When to hold 'em, when to fold 'em.
Make it interesting. Based on our research regarding the
effectiveness of newsletters as a practice development tool, interesting beats
informative about 4 to 1.
An effectively done newsletter
program can be one of the most efficient tools in law practice development.
It will not work for every firm or in every situation.
An inefficiently done newsletter
program is one of those self-fulfilling prophecies that lend support to those
who opine that none of this will work. Do not spend practice development resources
on a newsletter until the systems are in place to "target" the newsletter
effectively and capture and analyze the effectiveness of the program in terms
of the firm's goals.
For those who hunt, conceptualize
a newsletter as a fine rifle. No matter how well made, how beautifully engraved
and finished, until it is accurately sighted in it is an objet d'art, not
a tool to accomplish the purpose of the hunt. Targeting, getting the right
newsletter into the right hands, is the most crucial part of any newsletter
program. Targeting is a continuing process.
A newsletter is advertising.
Like any other advertising, it is a practice develop "program" that comes
at the end of the practice development process.
Consider a newsletter a teaching
device. Before undertaking a newsletter program you must decide what you want
to teach, who you want to teach it to and, since its in writing, how you
are going to get them to actually read it.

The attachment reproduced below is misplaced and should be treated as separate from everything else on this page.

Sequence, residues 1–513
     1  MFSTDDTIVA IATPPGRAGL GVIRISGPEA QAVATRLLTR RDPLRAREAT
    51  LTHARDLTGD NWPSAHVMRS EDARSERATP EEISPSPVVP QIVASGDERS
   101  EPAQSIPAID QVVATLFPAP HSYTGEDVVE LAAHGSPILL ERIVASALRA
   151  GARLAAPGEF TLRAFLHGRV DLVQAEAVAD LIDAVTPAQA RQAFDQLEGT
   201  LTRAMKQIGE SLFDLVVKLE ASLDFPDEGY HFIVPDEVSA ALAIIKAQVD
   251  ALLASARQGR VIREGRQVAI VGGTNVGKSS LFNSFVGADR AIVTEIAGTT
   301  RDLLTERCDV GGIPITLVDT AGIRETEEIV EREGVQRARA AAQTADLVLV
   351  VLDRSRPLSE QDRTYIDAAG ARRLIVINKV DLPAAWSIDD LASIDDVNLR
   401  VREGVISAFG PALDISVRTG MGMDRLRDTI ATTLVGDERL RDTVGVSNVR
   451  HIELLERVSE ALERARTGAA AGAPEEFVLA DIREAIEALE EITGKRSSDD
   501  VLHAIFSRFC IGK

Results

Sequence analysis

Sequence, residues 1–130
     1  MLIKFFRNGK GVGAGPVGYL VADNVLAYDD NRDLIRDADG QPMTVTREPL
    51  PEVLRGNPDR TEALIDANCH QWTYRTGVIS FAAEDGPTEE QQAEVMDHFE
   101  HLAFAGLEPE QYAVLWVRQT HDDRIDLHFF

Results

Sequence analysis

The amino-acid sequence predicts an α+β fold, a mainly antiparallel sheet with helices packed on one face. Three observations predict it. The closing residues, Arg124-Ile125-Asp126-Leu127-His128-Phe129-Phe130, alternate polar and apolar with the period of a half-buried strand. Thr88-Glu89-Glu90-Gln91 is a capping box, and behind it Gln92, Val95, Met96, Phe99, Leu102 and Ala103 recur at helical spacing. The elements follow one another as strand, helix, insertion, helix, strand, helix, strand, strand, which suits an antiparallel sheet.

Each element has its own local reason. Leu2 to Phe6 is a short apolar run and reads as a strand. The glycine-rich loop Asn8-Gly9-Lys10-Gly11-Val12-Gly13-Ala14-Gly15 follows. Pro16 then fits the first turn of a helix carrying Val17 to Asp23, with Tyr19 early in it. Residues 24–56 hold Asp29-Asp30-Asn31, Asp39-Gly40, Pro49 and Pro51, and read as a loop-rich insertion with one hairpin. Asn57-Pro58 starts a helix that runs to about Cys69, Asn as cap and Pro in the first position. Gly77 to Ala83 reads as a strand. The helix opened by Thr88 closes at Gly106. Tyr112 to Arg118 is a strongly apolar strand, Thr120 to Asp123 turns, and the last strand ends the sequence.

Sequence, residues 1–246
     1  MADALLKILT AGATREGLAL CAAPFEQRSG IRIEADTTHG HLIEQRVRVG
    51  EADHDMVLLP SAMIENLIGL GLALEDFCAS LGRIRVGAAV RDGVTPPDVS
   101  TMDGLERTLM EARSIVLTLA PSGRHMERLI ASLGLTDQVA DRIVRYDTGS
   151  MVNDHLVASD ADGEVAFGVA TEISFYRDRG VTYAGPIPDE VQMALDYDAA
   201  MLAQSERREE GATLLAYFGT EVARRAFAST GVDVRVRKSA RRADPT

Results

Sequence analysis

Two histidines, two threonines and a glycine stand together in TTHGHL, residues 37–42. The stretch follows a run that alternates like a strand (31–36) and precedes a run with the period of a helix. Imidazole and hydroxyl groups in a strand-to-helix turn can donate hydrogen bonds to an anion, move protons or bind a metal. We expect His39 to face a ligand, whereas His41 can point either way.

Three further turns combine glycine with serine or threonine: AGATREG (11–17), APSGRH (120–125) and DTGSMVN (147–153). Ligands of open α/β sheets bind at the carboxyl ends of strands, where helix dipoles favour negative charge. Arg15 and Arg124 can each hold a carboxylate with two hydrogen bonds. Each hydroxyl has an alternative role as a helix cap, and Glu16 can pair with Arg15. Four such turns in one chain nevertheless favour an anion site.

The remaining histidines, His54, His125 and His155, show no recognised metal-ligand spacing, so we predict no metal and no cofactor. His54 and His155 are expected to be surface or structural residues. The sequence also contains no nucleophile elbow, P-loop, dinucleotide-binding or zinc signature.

There are three categories
of material which we read. The first are those items which we are required
to read (letters from the IRS, notes from the spouse and other written communications
that deal with mandated or necessary activities). The second category contains
those things we elect to read (the sports page/Cosmo, the Starr Report and
things that are interesting, amusing or relieve stress). The third category
is incidental reading, (articles in the tabloids in the checkout lanes, bill
boards while waiting at a stoplight, etc.) which doesn't relate to newsletters.
Your newsletter will be in
the second category. While there is arguably some benefit to your firm from
newsletters that are not read but where the recipient recognizes receipt,
you loose 80 -90% of the potential benefit to be gained from a newsletter
when it is tossed unread.
There is something of a paradox
in the use of newsletters in law practice development. The more general your
firm's practice the less general your newsletter must be to be effective.
Make it interesting.
If your firm is considering
a newsletter and it hasn't gone through the practice planning process, it
is premature to spend your resources on a newsletter. Backtrack and go through
the planning process first. Then, if a newsletter makes sense in terms of
your firm's Vision, Mission, Strategy and Tactics reconsider it.
Consider your competition.
Not the other law firms sending out newsletters, the other written materials
that cross your clients' or prospective clients' desks daily. You may be competing
with the Wall Street Journal, maybe USA Today, maybe the Harvard Business
Review, maybe the National Enquirer, it really doesn't matter. Nobody has
enough time to read all they should read, and that which is most interesting
is what moves up in the pile.
If your firm primarily serves individuals and small business
In thinking about whether or
how a newsletter fits into your practice development situation, as an exercise,
consider the word "client" and an adjective describing a person. Think of